Smart- or strategic-beta exchange traded funds that track alternative or customized indices have been a popular way to gain diversified exposure to the equities market. However, the recent surge is making some of these smart-beta strategies pricey.
Rob Arnott, founder of Research Affiliates and father of fundamental indexing, warns of a potential bubble or possible crash in the smart-beta segment, pointing to stretched valuations and elevated price-to-earning ratios among some smart-beta strategies.
“Money has been pouring into low-vol strategies, high-quality strategies, momentum strategies, and we knew that these were trading a little rich relative to history so we wanted to investigate that and we found, lo and behold, [A], yes, they’re trading rich relative to history, and [B], how rich they’re trading is predictive of how well they’ll work in the future for the patient investor,” Arnott told Morningstar.
Arnott cautioned that current prices suggest momentum is a little rich, which may cause the factor to add less value than in the past. Low-beta is trading at rich valuations, near the top decile of historical multiples. Lastly, low-volatility is also trading at a little rich relative to history.
Investors, though, can’t seem to get enough of these alternative strategies. For instance, the iShares MSCI USA Minimum Volatility ETF (NYSEArca: USMV), which selects stocks based on variances and correlations along with other risk factors, has been among the most popular ETFs of 2016, attracting almost $5.6 billion in net inflows year-to-date. However, USMV is showing a 21.1 price-to-earnings and a 3.2 price-to-book, compared to the S&P 500’s 18.1 P/E and 2.5 P/B.[related_stories]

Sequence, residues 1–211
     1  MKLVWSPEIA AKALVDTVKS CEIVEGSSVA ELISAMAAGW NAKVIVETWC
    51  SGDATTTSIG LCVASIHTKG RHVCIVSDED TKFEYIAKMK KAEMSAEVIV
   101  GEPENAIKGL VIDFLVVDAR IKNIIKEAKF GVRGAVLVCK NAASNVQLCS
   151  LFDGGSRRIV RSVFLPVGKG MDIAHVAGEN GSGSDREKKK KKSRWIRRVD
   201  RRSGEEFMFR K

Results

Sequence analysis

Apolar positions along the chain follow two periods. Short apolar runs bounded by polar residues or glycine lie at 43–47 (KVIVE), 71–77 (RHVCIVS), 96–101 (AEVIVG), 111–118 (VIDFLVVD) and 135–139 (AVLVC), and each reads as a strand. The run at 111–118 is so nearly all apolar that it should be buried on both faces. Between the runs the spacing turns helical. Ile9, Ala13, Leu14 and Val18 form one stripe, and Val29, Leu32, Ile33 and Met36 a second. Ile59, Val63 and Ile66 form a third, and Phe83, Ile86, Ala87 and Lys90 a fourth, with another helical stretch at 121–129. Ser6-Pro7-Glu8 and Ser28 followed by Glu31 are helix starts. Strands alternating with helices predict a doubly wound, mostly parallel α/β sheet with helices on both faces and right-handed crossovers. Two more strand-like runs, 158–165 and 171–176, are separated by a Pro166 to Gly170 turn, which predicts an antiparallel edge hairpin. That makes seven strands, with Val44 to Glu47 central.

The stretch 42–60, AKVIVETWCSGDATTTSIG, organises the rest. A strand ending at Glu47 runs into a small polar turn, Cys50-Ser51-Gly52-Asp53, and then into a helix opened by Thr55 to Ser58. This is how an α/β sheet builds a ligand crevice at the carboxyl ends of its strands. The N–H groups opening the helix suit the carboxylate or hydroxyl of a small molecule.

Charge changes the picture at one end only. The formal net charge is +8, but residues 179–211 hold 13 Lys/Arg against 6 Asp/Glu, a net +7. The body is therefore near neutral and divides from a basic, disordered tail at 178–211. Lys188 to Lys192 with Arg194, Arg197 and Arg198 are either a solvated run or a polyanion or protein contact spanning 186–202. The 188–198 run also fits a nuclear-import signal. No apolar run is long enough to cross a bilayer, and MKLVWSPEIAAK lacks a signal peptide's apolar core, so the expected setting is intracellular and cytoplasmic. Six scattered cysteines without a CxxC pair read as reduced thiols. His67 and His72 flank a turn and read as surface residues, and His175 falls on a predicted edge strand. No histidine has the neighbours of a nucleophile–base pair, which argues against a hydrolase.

“If what you want to diversify into is expensive, at least average in over a course of a few years or maybe just defer it a year or two and see how the valuation looks then,” Arnott said. “So all we said was valuation matters.”
Related: Smart-Beta ETFs Take Center Stage
Moreover, Arnott’s research has also found that valuations metrics on smart-beta international market strategies are also revealing similar patterns.
“Several of these so-called smart beta ideas are trading rich, they’re liable to disappoint,” Arnott said. “If somebody buys something that has outperformed by 5% a year for the last decade, they’re expecting it to outperform by 5% a year. Well, if it outperformed just by dint of getting more expensive, watch out – it may mean-revert and give you a negative alpha, that’s what I meant by smart beta going horribly wrong.”
For more information on alternative index-based strategies, visit our smart-beta category.